The Divine Lamp

The unfolding of thy words gives light; it imparts understanding to the simple…Make thy face shine upon thy servant, and teach me thy statutes

St Cyril of Alexandria’s Commentary on John 3:16-21

Posted by Dim Bulb on April 30, 2011

16 For God so loved the world, that He gave His Only Begotten Son, that whosoever helieveth in Him should not perish, but have everlasting life.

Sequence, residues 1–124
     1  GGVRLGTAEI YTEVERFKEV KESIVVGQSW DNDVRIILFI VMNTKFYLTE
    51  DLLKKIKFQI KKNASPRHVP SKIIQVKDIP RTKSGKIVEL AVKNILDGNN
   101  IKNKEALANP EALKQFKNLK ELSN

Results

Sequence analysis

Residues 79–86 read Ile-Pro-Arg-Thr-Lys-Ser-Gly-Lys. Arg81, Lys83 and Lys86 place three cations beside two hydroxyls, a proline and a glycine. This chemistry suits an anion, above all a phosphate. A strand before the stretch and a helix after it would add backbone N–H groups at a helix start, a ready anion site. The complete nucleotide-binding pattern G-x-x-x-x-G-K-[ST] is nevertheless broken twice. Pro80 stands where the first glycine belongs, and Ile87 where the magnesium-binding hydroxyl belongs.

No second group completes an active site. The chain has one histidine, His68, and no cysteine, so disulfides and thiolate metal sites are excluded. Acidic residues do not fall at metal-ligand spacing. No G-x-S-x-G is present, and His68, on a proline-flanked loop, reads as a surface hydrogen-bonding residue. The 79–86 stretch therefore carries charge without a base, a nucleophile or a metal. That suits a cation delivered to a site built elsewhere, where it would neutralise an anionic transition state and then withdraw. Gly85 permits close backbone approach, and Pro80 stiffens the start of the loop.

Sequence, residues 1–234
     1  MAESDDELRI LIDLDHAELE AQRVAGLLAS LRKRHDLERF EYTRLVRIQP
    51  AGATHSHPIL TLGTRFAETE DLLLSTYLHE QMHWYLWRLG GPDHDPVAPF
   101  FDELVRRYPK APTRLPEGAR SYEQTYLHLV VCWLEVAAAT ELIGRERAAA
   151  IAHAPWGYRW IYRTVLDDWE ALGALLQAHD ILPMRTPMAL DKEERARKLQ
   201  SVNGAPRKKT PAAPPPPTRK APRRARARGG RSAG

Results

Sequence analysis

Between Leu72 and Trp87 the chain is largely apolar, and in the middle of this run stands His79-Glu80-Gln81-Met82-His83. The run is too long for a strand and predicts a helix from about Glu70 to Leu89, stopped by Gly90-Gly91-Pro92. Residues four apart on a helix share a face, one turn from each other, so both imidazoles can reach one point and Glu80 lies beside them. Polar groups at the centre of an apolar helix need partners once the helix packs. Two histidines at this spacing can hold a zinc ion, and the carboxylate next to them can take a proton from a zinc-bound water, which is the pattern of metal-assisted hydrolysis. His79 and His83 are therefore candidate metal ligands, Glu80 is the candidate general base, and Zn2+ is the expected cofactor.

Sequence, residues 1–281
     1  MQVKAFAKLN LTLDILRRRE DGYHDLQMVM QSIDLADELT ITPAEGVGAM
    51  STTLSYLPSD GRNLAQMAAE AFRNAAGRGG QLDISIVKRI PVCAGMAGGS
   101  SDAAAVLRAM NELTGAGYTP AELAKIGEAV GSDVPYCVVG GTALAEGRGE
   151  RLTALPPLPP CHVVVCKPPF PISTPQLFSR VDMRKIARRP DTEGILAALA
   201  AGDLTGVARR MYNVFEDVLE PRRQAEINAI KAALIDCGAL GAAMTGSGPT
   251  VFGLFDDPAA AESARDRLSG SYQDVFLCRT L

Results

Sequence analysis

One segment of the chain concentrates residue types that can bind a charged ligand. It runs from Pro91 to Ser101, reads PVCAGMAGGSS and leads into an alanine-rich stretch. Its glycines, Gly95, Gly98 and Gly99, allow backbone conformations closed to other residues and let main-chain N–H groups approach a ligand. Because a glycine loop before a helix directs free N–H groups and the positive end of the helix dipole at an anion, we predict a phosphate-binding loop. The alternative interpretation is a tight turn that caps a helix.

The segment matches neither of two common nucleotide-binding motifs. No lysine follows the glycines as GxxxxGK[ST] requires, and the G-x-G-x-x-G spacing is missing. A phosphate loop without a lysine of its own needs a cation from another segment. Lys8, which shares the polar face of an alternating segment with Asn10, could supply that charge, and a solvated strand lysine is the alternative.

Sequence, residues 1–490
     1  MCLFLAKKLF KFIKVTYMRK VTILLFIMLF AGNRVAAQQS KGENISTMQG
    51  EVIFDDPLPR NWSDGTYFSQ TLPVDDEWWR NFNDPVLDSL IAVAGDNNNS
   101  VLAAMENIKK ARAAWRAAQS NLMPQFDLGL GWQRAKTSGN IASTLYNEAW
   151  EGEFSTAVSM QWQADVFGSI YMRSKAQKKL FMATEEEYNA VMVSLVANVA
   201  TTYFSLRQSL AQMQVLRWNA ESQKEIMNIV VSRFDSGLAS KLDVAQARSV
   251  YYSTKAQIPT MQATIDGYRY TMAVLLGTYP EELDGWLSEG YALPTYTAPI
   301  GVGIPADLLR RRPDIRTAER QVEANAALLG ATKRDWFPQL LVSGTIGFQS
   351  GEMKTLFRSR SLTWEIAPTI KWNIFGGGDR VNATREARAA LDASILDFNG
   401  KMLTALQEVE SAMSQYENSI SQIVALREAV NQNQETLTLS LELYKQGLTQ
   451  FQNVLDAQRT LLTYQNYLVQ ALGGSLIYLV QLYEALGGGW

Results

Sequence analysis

He desireth to shew openly herein, that He is God by Nature, since one must needs deem that He Who came forth from God the Father, is surely God also, not having the honour from without, as we have, but being in truth what He is believed to be. With exceeding skill does He say this, having joined therewith the love of God the Father to us, well and opportunely coming to discourse thereon. For He shames the unbelieving Nicodemus, yea rather, He shews that he is ungodly also. For the not coming readily to believe, when God teaches anything, what else is it, than laying upon the Truth a charge of falsehood? Besides this, in saying that He was given for the life of the world, He persuades him to consider seriously, of how great punishment they will be in danger, who from their mad folly, have made of no account so wondrous grace of God the Father. For God, says He, so loved the world that He gave His Only Begotten Son.